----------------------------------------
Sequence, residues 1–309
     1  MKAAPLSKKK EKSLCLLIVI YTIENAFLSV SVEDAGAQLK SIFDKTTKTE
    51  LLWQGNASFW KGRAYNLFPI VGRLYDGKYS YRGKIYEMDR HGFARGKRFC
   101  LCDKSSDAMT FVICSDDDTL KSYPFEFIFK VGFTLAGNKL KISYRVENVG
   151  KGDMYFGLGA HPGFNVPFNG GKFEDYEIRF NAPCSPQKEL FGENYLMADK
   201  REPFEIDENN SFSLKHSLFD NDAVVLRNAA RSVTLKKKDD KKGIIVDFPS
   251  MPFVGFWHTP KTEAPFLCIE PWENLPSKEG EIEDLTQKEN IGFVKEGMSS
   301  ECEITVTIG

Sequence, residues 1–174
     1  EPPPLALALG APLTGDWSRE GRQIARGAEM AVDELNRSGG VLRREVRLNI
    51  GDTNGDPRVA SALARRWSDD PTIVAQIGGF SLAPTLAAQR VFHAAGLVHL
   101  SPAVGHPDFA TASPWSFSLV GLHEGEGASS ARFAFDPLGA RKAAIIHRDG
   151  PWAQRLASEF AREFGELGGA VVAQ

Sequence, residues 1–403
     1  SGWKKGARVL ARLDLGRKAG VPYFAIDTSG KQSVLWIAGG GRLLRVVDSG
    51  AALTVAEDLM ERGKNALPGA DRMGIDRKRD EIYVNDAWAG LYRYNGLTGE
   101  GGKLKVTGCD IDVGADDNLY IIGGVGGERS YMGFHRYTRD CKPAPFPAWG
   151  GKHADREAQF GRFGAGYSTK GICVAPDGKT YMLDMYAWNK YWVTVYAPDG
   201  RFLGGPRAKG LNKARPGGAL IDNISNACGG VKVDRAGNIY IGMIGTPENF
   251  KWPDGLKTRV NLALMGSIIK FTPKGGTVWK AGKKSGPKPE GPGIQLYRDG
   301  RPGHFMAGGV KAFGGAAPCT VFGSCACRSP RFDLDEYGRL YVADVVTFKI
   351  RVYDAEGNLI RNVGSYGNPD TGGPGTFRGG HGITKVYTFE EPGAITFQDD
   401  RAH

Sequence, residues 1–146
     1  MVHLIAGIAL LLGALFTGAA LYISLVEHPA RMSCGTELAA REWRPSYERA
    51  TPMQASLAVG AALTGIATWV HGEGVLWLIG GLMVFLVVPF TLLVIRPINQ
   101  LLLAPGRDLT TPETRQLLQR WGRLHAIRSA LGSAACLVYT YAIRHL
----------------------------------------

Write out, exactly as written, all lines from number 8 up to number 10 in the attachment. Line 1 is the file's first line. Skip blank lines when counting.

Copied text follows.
   301  ECEITVTIG

Sequence, residues 1–174
     1  EPPPLALALG APLTGDWSRE GRQIARGAEM AVDELNRSGG VLRREVRLNI